I’ll be forward, I’m a big Resident Evil fan. My sheer excitement towards this renaissance of great Resident Evil games and remakes has fed my young self quite well. I’ll always have a soft spot towards the older installments (RPD will always torment me). However, I’m in the demographic that wasn’t crazy about the Paul W.S. Anderson movies. So the prospect of a new Resident Evil movie closely following the plot of the games piqued my interest exponentially. Now that Resident Evil: Welcome to Raccoon City is out, I can honestly say that I admired most of it.
Resident Evil: Welcome to Raccoon City is the combination of the plots of the first two games. The original Resident Evil follows a task force investigating a peculiar set of deaths consistent with cannibalism leading them to a nearby mansion (the Spencer Mansion). The second Resident Evil follows the fallout of Raccoon City after a mysterious yet dangerous virus befalls the citizens. Within these games, you follow characters Chris Redfield, Jill Valentine, Albert Wesker, Claire Redfield, and Leon Kennedy. For the most part, this is a pretty one-to-one adaptation of the two games all the way down to their respective finales.
With Resident Evil: Welcome to Raccoon City you can see the inspiration bleed from the screen. It is very much an adaptation of the first two games, and thankfully it respects the source material. There are some creative liberties, but most of them pay off well. In the 2001 remake of the original Resident Evil, Lisa Trevor was designed to emphasize a particular obstacle (vague to avoid spoilers for the game) as well as show the Umbrella Corporation’s remorseless experimentation. In this movie it only covers the latter description, but Lisa’s utilization works perfectly for this movie.
There are also a few nods to the original games that will make any longtime fans giddy (“ITCHY TASTY”). Writer/director Johannes Roberts put out something full of admiration and love for the Resident Evil franchise. Going from the respectful set design of both the Spencer Mansion to the Raccoon Police Department to the committed costume design. You could tell this was made by a fan for the fans.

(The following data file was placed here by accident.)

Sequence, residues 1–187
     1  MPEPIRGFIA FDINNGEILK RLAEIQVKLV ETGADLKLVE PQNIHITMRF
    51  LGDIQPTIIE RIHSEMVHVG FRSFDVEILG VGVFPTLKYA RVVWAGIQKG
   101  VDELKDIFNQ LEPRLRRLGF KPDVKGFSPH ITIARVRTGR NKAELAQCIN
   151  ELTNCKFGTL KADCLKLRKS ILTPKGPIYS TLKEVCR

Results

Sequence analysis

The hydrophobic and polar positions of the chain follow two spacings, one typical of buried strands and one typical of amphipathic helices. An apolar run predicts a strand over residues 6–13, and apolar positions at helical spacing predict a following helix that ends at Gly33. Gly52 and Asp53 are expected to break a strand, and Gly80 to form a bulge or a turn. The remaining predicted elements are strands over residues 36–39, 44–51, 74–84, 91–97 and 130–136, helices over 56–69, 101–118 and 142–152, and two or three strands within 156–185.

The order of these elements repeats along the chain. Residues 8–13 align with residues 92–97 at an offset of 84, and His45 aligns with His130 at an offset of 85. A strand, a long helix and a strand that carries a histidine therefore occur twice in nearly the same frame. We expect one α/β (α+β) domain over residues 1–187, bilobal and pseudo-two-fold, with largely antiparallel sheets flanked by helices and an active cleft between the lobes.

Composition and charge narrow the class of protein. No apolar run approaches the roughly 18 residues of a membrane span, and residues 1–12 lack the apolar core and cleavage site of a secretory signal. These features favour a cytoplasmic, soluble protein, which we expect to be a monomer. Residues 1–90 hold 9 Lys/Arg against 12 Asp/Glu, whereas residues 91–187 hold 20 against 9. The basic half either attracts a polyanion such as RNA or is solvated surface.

Now, if the mentions of an “Umbrella Corporation”, “Spencer Mansion”, or the plethora of character names confuse you, I promise you this was intentional. Most successful adaptations have a foundation for anyone to understand. However, this movie relies too heavily on the viewer’s knowledge of the source material rather than creating a strong narrative. In this movie there are tons of references, characters, and creatures that the script doesn’t explore any deeper than their initial scene. There is a definitive difference between nods and building your idea on another foundation.
Because we got the first and second game merged together there are a lot of things the regular moviegoer miss. The film does not develop the main characters (beside Chris and Claire Redfield) any more than what’s at face value. Sherry Birkin? Just kind of there. The Lickers? There for a scene. It’s disappointing how much is shown and never used or never seen again. Additionally, if you know who is who you know who is going to die. To avoid spoilers I won’t say, but when the deaths did happen you’re thinking to yourself “yep there they go!”
The first Resident Evil game follows its own timeline, then two months following those events is when the second game takes place. I’m not entirely sure what lead the creative team to merge the first two games together, but the marriage of the two doesn’t pay off like the creators intended. Adapting the first game and the first game alone could have served this project well. However, in the end we follow too many characters, to the point where it’s just a buffet of underdeveloped ideas. If they were to combine two Resident Evil games for a movie, the second and third games are the ideal choices.
Despite my personal grievances with this movie I do believe passion was present in every shot. Clearly Roberts is a fan of the series and wanted to make something that would honor the source material. Whether that honor means anything is up to the viewer to decide. I believe Resident Evil: Welcome to Raccoon City is a project that wanted to reach for the stars but could only afford a trampoline. The passion and the possibility was there, but the budget backing it held it back. Hopefully, the next movie (teased heavily with the mid-credits scene) will create something wholly of its own. – Jacob Mauceri
Resident Evil: Welcome to Raccoon City is now playing in theaters.